Not to be too boastful, but I make a Lyonnaise-style salad dressing that I’ve had a guest wanted to drink from the little jug it’s poured from. That dressing does, however, turn a healthy salad into one a tad more calorie-laden.

For midweek dinners I usually pop the bowl of leaves on the table along with a bottle of good olive oil and one of store-bought vinaigrette. Drizzled over the top we still tend to use more oil than is required. Now though, I use the barest minimum of olive oil in the base of the bowl – just a few teaspoons – and toss the leaves in it. They end up with the thinnest of films of oil – which is all you need. I then toss across some salt and squeeze a lemon and toss again. Simple commonsense really, but it does cut down on the amount of dressing we use without compromising the flavour.

In case you’re wondering, Nigella’s basic French dressing involves putting 2 teaspoons red wine vinegar, barely 1/2 teaspoon Dijon mustard, 1 teaspoon of salt, a decent grinding of pepper, 6-8 tablespoons of really good olive oil, and a drop or two of cold water into a jar and shaking it vigorously.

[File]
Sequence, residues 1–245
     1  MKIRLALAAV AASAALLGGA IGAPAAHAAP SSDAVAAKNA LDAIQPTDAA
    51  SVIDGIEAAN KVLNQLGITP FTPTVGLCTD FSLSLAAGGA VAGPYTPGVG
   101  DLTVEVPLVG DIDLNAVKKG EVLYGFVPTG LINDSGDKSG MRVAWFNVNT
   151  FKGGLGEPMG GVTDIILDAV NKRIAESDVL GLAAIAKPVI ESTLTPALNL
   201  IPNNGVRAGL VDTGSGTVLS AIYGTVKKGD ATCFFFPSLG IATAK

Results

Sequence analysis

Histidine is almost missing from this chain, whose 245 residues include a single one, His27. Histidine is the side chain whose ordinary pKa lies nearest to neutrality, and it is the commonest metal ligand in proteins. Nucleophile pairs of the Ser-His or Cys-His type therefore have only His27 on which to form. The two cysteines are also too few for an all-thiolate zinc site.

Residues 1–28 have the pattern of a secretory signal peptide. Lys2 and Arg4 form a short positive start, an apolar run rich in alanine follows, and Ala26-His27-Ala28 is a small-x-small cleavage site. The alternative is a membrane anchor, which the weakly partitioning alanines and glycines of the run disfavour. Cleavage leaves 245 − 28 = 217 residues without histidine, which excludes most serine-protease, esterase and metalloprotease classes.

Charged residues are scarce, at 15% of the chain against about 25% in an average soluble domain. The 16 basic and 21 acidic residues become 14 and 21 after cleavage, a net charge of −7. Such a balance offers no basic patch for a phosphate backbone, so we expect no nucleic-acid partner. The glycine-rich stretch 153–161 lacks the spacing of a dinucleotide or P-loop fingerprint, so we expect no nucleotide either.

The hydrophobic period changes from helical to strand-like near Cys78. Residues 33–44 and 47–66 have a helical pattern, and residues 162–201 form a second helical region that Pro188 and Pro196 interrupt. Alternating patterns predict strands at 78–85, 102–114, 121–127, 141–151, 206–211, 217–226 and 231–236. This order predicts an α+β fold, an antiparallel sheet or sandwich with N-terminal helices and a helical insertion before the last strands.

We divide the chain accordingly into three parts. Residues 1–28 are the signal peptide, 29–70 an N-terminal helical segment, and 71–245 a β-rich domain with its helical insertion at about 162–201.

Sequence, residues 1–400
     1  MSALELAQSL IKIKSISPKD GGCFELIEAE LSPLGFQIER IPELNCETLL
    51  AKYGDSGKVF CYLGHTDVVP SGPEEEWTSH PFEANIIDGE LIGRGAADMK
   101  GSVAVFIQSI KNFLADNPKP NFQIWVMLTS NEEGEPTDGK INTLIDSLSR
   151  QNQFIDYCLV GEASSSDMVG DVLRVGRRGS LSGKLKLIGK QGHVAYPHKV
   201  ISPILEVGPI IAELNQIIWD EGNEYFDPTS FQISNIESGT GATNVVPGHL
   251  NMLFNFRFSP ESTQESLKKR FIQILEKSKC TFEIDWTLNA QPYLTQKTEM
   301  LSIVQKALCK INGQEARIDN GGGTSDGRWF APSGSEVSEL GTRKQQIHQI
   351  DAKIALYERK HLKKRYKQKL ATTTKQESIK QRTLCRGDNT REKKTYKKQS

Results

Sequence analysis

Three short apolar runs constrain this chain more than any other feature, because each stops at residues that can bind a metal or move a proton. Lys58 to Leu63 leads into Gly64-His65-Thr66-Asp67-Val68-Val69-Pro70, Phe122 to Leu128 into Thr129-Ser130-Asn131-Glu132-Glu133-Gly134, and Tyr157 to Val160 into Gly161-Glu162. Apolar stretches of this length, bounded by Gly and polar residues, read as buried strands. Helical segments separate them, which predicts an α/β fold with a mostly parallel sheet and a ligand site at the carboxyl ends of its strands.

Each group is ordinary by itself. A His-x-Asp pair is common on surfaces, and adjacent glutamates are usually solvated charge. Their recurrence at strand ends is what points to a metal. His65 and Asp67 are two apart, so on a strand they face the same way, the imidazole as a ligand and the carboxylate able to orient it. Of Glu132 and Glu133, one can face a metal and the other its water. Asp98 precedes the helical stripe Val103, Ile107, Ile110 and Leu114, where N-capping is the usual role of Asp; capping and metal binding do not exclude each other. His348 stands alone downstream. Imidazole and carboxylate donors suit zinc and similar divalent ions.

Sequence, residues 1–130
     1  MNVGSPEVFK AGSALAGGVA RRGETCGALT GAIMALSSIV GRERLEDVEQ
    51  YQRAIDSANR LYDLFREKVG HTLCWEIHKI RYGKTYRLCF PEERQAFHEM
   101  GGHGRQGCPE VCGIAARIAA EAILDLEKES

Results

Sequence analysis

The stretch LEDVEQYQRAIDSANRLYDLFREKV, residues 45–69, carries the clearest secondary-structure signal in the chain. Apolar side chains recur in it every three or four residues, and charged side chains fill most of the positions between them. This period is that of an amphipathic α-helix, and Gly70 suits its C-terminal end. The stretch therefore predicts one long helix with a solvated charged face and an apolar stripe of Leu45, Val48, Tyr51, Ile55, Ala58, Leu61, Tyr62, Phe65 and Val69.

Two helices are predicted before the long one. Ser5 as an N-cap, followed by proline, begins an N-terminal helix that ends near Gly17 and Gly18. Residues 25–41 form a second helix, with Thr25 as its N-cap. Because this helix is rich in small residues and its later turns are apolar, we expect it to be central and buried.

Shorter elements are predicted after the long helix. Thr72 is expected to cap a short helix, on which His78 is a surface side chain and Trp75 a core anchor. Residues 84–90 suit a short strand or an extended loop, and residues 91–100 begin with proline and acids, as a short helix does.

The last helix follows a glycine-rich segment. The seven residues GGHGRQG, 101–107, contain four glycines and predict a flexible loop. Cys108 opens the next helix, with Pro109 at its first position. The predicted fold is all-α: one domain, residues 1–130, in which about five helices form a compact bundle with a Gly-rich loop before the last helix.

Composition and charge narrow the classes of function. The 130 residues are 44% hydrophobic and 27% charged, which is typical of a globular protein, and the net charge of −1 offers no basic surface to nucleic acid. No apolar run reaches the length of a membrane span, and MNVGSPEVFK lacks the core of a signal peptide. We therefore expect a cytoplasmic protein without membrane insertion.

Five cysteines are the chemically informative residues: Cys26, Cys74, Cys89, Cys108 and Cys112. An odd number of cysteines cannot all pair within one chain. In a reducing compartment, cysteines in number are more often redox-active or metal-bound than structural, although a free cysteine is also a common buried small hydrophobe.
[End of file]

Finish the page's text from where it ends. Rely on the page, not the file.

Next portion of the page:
Bechamel Sauce and Parsley Sauce

I’m lumping these together (no pun intended) as the base of the parsley sauce is, in fact, bechamel – and I’ve made many over the years. For the Nigella challenge though, I’ve followed her recipe for each.

Bechamel is arguably the most useful sauce you’ll ever make. For starters, it’s the base for macaroni cheese and one day I fully intend to write an entire cookbook on macaroni cheese – or mac and cheese as I think it’s called in the States. It’s also integral to a lasagne, and at the heart of cheesy cauliflower, cheesy broccoli or tuna mornay (which I like to call tuna mac). You can also substitute some of the milk in the sauce for cooking water and use it to coat leeks or onions.

Essentially a bechamel is a roux – a mix of even quantities of flour and butter cooked for a few minutes to get rid of the floury taste – to which milk is gradually added and then stirred until it thickens. Basic, yeah?

Parsley sauce takes it one step further. The parsley stalks are heated in the milk to flavour the milk. The chopped leaves are stirred with the heated milk into the roux, and some fresh ones added before serving. We had it over pan-fried white fish fillets, but Nigella also suggests using it to make parsley and ham patties. I’m thinking it would also add an extra layer if combined with mashed potato and flaked salmon to make salmon patties.